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Just a quick question, because i want to know if its possible. My son asked me if a kind of light harvesting robot could be made. That roams around, finds light, then charges, then runs around again.

The intelligence side is fine for my but i was thinking about how to handle the energy harvesting.

I was thinking if the main bot is running at 5v running two very small motors for movement, light sensor to detect light etc.

for the power though, i was thinking could be provide the power from a capacitor? When we find light, the solar panels feed the capacitor. Am i able to use the capacitor to then power a ATtiny and two small 3v motors? Is there a way to measure the current charge in the capacitor? so if it drops below a certain point, it can sent a signal through a digital / analog pin on the ATtiny so we know we need to charge, and another when it reaches a high point so we know its done?

The motors will be operated using simple transistors to turn them on / off

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  • \$\begingroup\$ Search for "solarbotics" ... encyclobeamia.solarbotics.net/articles/beam.html and beam-online.com/Robots/Circuits/1381.html and www.beam-online.com/Robots/Galleria_other/solarollers.html \$\endgroup\$
    – user16324
    Commented Jan 6, 2015 at 12:33
  • \$\begingroup\$ You could try a dc dc converter with variable input, boost to 4.2V and charge a li-ion battery. Capacitors are very unlikely to work. Self discharge, changing supply voltage, and other things will cause issues \$\endgroup\$
    – Mauvai
    Commented Jul 16, 2015 at 22:16

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The biggest capacitor I saw was one at 300 Farads, similar to the one below: -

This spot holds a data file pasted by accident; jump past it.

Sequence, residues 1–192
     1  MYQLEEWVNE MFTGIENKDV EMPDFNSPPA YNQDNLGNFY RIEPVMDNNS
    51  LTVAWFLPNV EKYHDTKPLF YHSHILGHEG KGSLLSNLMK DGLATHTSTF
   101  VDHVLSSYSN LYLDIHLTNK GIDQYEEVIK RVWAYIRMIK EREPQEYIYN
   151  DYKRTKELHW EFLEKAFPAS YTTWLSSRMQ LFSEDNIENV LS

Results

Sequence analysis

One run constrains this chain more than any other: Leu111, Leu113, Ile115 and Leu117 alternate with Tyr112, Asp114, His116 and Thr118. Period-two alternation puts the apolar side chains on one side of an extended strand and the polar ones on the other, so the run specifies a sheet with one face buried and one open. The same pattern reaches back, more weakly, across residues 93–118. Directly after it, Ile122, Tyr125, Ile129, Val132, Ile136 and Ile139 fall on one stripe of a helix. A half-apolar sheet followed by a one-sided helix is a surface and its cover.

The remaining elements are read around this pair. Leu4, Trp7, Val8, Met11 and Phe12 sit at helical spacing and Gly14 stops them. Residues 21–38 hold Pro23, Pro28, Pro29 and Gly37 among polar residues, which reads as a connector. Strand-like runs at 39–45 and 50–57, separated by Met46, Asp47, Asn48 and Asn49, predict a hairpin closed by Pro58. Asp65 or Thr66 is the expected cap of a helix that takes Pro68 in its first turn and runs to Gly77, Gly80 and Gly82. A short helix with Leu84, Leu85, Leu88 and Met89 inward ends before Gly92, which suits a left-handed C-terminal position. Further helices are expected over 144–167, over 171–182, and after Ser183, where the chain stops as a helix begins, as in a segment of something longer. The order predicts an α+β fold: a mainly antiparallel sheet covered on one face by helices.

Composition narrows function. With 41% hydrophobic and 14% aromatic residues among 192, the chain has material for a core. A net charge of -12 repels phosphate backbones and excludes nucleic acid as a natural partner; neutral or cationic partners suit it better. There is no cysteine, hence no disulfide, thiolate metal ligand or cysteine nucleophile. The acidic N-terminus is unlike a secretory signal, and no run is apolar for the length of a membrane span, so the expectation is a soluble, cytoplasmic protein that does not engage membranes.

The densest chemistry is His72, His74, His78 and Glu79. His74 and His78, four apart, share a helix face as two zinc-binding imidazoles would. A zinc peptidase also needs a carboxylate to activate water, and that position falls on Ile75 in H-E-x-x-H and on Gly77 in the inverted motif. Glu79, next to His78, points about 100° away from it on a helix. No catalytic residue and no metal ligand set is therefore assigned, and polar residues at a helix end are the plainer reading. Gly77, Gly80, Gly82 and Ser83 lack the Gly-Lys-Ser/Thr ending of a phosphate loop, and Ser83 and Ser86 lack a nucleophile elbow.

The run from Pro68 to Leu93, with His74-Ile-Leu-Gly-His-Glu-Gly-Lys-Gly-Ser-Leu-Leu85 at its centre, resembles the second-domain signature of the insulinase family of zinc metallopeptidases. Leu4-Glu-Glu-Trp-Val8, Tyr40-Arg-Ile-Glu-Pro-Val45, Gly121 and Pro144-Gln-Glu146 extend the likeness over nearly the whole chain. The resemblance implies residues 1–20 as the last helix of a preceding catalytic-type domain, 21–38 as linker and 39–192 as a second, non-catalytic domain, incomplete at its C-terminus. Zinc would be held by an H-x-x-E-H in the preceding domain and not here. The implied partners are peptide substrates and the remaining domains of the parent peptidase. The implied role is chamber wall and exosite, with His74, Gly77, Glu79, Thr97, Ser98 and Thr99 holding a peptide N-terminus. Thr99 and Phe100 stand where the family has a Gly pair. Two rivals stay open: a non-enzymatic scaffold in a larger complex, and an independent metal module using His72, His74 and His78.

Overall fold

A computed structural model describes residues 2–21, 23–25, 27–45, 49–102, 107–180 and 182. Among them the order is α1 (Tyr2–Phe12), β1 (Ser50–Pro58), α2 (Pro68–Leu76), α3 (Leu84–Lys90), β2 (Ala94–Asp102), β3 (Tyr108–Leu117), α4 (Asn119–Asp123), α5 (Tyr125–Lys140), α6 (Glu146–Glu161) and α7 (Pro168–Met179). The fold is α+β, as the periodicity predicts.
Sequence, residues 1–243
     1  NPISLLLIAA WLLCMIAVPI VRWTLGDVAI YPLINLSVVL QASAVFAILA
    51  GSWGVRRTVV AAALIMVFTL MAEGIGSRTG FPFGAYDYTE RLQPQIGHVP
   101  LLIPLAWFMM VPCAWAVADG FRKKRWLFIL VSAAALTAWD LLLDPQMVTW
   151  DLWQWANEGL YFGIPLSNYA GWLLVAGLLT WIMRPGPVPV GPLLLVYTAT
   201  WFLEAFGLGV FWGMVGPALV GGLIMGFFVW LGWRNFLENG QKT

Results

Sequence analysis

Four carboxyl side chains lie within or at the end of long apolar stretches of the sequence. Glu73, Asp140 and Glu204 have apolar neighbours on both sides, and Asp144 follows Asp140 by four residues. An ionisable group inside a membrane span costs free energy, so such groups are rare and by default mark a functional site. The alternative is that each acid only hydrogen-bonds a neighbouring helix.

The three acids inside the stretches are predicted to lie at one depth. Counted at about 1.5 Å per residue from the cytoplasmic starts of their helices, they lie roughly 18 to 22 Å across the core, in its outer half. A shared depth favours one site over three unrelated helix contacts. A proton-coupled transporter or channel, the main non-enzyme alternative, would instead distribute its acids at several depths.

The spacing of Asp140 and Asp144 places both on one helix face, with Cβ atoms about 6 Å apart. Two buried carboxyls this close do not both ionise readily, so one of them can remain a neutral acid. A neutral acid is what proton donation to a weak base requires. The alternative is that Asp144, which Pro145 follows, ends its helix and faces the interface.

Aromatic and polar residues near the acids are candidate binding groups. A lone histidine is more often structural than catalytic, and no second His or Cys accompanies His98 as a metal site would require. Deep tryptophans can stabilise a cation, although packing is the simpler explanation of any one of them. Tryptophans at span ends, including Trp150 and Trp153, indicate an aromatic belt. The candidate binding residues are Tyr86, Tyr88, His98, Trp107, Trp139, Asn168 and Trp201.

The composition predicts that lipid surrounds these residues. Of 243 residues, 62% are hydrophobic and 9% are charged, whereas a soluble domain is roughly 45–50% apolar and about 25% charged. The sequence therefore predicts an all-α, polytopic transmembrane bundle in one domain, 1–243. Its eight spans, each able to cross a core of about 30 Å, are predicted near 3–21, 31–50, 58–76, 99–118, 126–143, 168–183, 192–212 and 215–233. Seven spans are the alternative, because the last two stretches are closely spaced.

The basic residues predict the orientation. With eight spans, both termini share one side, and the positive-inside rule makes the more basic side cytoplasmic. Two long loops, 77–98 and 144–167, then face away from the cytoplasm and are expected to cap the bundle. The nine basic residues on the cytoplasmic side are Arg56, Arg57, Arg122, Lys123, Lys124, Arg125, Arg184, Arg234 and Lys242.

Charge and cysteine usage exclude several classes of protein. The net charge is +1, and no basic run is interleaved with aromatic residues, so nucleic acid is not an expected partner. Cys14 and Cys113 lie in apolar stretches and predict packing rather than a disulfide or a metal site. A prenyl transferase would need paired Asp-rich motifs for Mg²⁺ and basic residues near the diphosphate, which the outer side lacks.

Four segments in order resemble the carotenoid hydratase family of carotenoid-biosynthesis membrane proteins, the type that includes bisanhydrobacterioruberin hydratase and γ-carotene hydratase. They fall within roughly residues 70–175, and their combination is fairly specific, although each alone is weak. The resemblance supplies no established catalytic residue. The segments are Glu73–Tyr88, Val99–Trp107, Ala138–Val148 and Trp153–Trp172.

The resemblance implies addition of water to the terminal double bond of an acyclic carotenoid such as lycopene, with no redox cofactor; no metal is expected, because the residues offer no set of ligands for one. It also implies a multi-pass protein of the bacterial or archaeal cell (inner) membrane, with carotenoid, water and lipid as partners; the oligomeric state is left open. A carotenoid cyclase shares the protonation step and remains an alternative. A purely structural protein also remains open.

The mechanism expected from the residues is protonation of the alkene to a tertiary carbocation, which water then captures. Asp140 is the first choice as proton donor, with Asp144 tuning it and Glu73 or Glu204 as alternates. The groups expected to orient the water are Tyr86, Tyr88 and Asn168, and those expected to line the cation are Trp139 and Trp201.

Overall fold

enter image description here

At full charge, the voltage is 2.7 volts. This means it can store an energy of: -

Energy = \$\dfrac{CV^2}{2}\$ - plug in 2.7 volts and 3000F and you get 10935 joules.

This is equivalent to consuming 10.9 watts for 1003 seconds. In reality this won't be achievable due to non-ideal power convertors. You might get half this time before things are pretty much spent and the robot won't move.

This is just an example calculation for you to plug in your own values.

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  • \$\begingroup\$ Ah yes thank you, i only considered it may be possible because ive noticed there are many solar garden lights that dont use a battery, just a capacitor. Although, this being said, they only power a couple of LED's for a few hours at the most \$\endgroup\$ Commented Jan 6, 2015 at 10:18
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    \$\begingroup\$ Li-ion polymer batteries are excellent for this purpose, although they do need control circuitry. Some do have this incorporated though. They are very light and compact, efficient to charge do not suffer from the memory effect, and maintain a near constant voltage. \$\endgroup\$
    – Jodes
    Commented Apr 7, 2015 at 15:04

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